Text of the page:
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LIRR service at Penn returns to normal for Friday evening commute

Commuters wait for a Long Island Rail Road

Commuters wait for a Long Island Rail Road train at Mineola on Friday, April 7, 2017, as the railroad got back on schedule after a week of disruption. Credit: Howard Schnapp

Penn Station LIRR service finally returned to normal Friday, but not before one last chaotic commute caused by delays in repairs made by Amtrak, which faced new criticism from New York’s governor Friday for an “unacceptable” string of recent infrastructure problems.

Despite repeated assurances from Amtrak that it would complete its repairs to damaged tracks in time to restore full service into and out of Penn Station for the Friday morning rush, the LIRR did not regain access to all the tracks it uses until after 7 a.m. — about three hours later than expected when the morning commute was well underway.

The LIRR would have needed several hours lead time to position all its trains for a normal rush hour, according to Metropolitan Transportation Authority officials. And so, shortly before 5:30 a.m., the railroad notified customers that it would, once again, cancel 10 trains “because Amtrak crews need more time to repair tracks at Penn Station” and did not give back the tracks by 4 a.m. “as promised.”

Amtrak offered no explanation for the final hiccup to the repairs that began Monday after a NJ Transit train derailed as it pulled into Track 9. Amtrak admitted Thursday that it had advanced notice of the problem that led to the derailment — weakened wooden rail ties — but put off repairs.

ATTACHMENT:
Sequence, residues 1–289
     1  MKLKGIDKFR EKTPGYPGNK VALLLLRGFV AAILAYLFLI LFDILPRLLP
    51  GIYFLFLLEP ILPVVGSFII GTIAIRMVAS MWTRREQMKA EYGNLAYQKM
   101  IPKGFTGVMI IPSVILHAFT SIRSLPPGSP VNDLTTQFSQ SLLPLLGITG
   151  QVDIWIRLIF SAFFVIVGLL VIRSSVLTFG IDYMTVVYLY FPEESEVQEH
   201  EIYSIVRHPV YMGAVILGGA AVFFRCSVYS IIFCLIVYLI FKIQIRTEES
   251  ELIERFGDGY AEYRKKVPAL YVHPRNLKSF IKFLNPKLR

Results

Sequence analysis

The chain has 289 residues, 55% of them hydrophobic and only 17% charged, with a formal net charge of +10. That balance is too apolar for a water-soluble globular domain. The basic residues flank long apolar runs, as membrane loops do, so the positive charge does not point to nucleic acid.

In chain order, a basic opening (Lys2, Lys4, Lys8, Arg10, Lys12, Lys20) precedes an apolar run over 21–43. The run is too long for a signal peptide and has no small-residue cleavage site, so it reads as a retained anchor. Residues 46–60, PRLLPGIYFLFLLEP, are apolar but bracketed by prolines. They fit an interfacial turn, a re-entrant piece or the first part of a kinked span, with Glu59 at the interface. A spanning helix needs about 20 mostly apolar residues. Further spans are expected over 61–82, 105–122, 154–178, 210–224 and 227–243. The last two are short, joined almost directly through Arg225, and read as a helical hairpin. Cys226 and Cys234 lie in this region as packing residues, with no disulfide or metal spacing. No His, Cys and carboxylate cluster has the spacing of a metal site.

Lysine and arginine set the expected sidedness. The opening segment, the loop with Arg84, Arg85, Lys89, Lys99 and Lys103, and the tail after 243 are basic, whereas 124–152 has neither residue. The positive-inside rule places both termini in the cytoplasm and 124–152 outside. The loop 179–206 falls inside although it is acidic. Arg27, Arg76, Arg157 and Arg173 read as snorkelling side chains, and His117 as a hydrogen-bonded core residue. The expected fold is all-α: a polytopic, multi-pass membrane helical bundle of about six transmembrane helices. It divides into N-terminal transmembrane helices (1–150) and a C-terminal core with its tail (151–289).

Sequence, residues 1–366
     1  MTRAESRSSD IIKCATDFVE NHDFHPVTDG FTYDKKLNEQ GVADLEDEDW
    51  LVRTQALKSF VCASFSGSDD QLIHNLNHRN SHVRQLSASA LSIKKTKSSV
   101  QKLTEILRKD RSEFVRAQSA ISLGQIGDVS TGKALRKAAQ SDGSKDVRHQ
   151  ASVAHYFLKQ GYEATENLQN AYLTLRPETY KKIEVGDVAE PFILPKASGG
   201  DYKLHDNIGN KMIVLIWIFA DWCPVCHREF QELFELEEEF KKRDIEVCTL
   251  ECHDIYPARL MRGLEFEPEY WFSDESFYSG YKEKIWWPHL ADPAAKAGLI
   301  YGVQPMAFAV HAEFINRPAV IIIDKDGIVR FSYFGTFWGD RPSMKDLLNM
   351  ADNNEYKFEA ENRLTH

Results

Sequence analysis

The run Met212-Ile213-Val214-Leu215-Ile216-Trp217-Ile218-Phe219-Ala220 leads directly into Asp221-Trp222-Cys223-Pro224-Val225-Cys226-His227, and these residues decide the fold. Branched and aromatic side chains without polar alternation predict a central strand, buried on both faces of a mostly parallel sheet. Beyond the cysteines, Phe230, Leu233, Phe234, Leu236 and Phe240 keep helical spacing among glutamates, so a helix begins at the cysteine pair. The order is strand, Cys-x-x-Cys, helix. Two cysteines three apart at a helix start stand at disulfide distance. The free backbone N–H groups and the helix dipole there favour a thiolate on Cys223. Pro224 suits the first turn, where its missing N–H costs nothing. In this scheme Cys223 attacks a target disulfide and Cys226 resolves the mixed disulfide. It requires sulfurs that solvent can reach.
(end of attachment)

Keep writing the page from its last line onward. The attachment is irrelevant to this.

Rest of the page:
In a statement issued just before the evening rush hour, Amtrak said it had resumed scheduled operations at Penn Station, and thanked “all of our passengers and our commuter partners for their patience while we worked to make these necessary repairs.”

Commuters were relieved, but leery, at Penn Station on Friday evening — the first normal rush hour since Monday morning.

“Honestly ... what is ‘normal’? Twice, three times a week there is either a broken signal, a broken rail or electrical problems,” said Kim Riccio, 42, an office and account manager who commutes from New Hyde Park. “Thank God I am getting on my train tonight.”

“I will give it a week or two before I feel comfortable because it could happen again,” Raymond Garricks, 30, of Laurelton said.

On Friday, Gov. Andrew M. Cuomo’s office weighed in for the first time on the tumultuous week at Penn Station. Cuomo spokeswoman Dani Lever in a statement said the latest in a series of Amtrak-related incidents — including another Penn Station derailment two weeks ago — was “unacceptable and disrupted service for hundreds of thousands of commuters.”

“Amtrak — by their own admission — failed to adequately maintain its service at Penn Station,” Lever said. “We have said all along that we will work with Amtrak to make improvements but considering that the safety of and service to our riders is our shared priority, there’s no need for excuses at this point, just action.”

Lever noted that Cuomo had directed the MTA to “seek immediate changes to the procedures” at Penn, which is owned and maintained by Amtrak, but primarily used and heavily subsidized by the LIRR.

Earlier this week, MTA’s top executives requested a meeting with Amtrak leadership to review the 40-year-old agreement under which the railroads share space at Penn.

With Maria Alvarez

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